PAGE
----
The left arm of your jacket is spattered with mud in no less than seven places.
Some of them spattered the ends of their noses with black chocolate.
His helmet was spattered inside with the blood that trickled from his ears, owing to the enormous pressure of the sea.
They are black, brown, or yellow; but all spotted and spattered with red—with blood!
On Mr. Jacobuss verandah lay a spattered circle of shining grains of rice.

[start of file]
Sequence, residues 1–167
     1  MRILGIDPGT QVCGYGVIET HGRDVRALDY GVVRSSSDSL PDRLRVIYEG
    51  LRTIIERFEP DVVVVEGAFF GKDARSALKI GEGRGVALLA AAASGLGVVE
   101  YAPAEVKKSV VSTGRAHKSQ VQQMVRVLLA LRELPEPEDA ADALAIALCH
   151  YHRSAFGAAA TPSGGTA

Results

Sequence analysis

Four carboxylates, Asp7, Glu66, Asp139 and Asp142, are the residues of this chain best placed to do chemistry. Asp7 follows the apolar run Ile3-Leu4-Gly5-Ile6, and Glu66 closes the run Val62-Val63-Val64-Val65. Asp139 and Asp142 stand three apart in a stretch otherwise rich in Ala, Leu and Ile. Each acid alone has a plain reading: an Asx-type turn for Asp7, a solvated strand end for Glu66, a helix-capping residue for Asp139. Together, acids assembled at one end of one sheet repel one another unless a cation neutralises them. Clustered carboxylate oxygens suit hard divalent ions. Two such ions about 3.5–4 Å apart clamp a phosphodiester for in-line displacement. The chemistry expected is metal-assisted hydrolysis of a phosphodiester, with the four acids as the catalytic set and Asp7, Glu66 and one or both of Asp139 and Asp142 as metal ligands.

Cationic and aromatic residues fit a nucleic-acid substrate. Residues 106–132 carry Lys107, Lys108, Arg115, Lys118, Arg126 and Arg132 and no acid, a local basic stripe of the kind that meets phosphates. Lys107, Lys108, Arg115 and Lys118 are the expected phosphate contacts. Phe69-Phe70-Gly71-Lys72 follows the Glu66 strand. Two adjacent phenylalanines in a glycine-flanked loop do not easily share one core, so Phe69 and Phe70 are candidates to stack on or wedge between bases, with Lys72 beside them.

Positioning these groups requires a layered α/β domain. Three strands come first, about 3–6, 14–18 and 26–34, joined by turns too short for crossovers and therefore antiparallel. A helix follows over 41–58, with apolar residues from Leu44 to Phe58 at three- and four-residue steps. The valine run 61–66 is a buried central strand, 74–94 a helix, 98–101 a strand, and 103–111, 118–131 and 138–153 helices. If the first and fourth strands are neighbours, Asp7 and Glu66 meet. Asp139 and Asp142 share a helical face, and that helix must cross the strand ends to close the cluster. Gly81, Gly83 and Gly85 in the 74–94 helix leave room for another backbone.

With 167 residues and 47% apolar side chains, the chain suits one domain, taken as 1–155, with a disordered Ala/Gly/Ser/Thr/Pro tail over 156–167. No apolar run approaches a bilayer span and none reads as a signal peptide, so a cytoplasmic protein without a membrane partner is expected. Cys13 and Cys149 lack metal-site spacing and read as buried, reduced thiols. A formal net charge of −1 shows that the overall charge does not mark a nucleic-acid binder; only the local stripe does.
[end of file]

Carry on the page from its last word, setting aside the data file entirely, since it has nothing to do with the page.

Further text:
Everybody knew it, because it was daubed and spattered with paint.
His shirt, too, and his trim-fitting trousers were dirty and spattered with gore.
His sheets, his curtains, and even the walls, were spattered with red.
Ross sheltered his torch with his body as spray, driven inward from the sea, spattered his shoulders and his back.
His suit of buff was torn and stained, and his great-boots were spattered with mud.
1570s (implied in spattering), possibly a frequentative verb from the stem of Dutch or Low German spatten "to spout, burst," of imitative origin. Related: Spattered.